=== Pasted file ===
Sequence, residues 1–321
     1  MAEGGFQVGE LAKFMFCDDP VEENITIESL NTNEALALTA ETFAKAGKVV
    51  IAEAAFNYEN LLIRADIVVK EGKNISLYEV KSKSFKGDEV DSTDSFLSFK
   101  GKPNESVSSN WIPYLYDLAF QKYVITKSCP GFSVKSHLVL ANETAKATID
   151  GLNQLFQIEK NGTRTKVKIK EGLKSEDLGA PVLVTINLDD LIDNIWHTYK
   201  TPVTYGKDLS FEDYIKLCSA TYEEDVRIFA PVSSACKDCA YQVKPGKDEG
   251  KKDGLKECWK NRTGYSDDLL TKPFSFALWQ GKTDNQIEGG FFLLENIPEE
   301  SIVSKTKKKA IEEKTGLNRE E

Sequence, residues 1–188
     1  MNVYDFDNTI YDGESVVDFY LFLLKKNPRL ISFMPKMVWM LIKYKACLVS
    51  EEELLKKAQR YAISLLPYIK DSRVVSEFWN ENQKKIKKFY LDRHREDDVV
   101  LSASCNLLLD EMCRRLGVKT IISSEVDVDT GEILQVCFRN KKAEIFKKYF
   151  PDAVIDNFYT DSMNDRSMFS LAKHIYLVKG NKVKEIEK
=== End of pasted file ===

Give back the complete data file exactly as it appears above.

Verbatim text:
Sequence, residues 1–321
     1  MAEGGFQVGE LAKFMFCDDP VEENITIESL NTNEALALTA ETFAKAGKVV
    51  IAEAAFNYEN LLIRADIVVK EGKNISLYEV KSKSFKGDEV DSTDSFLSFK
   101  GKPNESVSSN WIPYLYDLAF QKYVITKSCP GFSVKSHLVL ANETAKATID
   151  GLNQLFQIEK NGTRTKVKIK EGLKSEDLGA PVLVTINLDD LIDNIWHTYK
   201  TPVTYGKDLS FEDYIKLCSA TYEEDVRIFA PVSSACKDCA YQVKPGKDEG
   251  KKDGLKECWK NRTGYSDDLL TKPFSFALWQ GKTDNQIEGG FFLLENIPEE
   301  SIVSKTKKKA IEEKTGLNRE E

Sequence, residues 1–188
     1  MNVYDFDNTI YDGESVVDFY LFLLKKNPRL ISFMPKMVWM LIKYKACLVS
    51  EEELLKKAQR YAISLLPYIK DSRVVSEFWN ENQKKIKKFY LDRHREDDVV
   101  LSASCNLLLD EMCRRLGVKT IISSEVDVDT GEILQVCFRN KKAEIFKKYF
   151  PDAVIDNFYT DSMNDRSMFS LAKHIYLVKG NKVKEIEK